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Observer Effect hype in Double Slit Experiment

  1. Sep 7, 2015 #1
    I don't know if you physicist out there knows it, but the statement that observing something changes its state is having a drastic impact on the less informed populace at wide.

    An example, one of the most popular Quantum Physics video on youtube
    <Link to video not acceptable under PF rules removed>

    While I am by no means expert in Quantum Physics, but I like to believe my ability at reasoning is still solid.

    So here is the question:

    Did the result in Double-Slit Experiment change because of a consciousness observing it?
    Or is it because the measuring device/method is messing with the result?

    Because reason dictates it is far more likely the 2nd explanation that's causing the changed results.

    If that's the case, then this whole experiment is a sham, no different from someone claiming the temperature of a bucket of water got colder because they "observed" it by sticking a cold thermometer into the bucket. And all the physicists out there riding this hype-train making Quantum Physics looking like a frontier science that's defying logic is highly irresponsible.
    Last edited by a moderator: Sep 8, 2015
  2. jcsd
  3. Sep 8, 2015 #2


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    Staff: Mentor

    Yes, we know. Trust me, we know....:H
    That notion was being tossed around a century ago, when physicists were first trying to hammer out a coherent theory for explaining the surprising and non-classical results of their experiments. It was abandoned after the modern mathematical formulation of quantum mechanics was discovered in subsequent decades, but by then the notion had taken root in the popular imagination.

    If you search this forum you will find many many threads on the subject. The quick summary is that this idea that consciousness causes the wave function to collapse is no part of the modern understanding of quantum mechanics, and hasn't been for a very long time now.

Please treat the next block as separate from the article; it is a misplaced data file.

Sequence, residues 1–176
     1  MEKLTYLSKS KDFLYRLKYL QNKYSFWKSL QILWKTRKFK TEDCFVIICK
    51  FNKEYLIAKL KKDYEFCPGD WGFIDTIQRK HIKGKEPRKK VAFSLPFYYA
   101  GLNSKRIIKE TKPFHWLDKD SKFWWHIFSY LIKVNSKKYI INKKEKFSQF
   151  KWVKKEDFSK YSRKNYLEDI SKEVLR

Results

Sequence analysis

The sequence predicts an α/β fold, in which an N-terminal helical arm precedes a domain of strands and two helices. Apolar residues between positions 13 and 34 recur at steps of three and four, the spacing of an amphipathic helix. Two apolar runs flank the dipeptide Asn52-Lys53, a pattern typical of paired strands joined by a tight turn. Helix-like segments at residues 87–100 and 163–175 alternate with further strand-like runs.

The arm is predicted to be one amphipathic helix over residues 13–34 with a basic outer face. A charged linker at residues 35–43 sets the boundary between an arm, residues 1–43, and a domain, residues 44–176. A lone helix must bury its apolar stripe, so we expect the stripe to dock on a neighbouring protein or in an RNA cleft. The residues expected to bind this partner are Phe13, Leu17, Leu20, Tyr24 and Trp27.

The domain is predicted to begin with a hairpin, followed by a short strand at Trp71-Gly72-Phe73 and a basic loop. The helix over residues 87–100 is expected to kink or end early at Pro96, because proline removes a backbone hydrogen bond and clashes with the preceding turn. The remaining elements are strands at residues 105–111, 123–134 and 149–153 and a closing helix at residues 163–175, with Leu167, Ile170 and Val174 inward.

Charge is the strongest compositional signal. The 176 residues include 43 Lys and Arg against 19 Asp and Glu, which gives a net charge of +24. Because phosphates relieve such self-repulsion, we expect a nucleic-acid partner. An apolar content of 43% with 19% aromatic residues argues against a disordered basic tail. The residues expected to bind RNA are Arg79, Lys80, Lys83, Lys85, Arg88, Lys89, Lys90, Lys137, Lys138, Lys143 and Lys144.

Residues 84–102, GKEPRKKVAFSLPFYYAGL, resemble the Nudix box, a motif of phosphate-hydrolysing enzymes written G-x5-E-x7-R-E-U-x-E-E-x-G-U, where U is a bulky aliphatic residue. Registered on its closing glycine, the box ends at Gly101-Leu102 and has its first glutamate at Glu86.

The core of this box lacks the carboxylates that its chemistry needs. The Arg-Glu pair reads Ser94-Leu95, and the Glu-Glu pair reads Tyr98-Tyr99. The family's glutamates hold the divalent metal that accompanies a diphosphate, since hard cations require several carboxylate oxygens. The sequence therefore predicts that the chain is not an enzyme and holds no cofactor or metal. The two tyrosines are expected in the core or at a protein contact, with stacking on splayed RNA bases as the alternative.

Hmmm.... That video claims to have been done by a scientist named "Dr. Quantum"... But I've searched LinkedIn and the membership lists of every professional society for the past century, and I can find no evidence that this "Dr. Quantum" has received a PhD from any respectable institution.... I'd consider the possibility that he's not entitled to the title "Dr." and that he may not be a real scientist at all. I certainly wouldn't pay much attention to him until I had more reason to think he knows what he's talking about.

    OK, seriously, kidding aside: That video is not real science, and if you want to understand what QM is really about, your best bet is to hang around here for a while. The Physics Forums rules about acceptable sources will filter out a lot of the garbage (for example, this video wouldn't have made the cut), and there's a large cadre of people who can help you through some of the genuine hard spots.
  4. Sep 8, 2015 #3


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    Staff: Mentor

    I have deleted a number of posts in an attempt to turn this into a thread about what QM is, rather than an attempt to refute claims that have never been made. The discussion was tangled enough that I wasn't able to edit individual posts sensibly, so here is a summary of the key points so far:
    Yes. Indeed, that's pretty much the mainstream collapse interpretation and if you're reading something that suggests otherwise, you should be cautious. One math-free and layman friendly book that I can recommend is https://www.amazon.com/Where-Does-The-Weirdness-Mechanics/dp/0465067867
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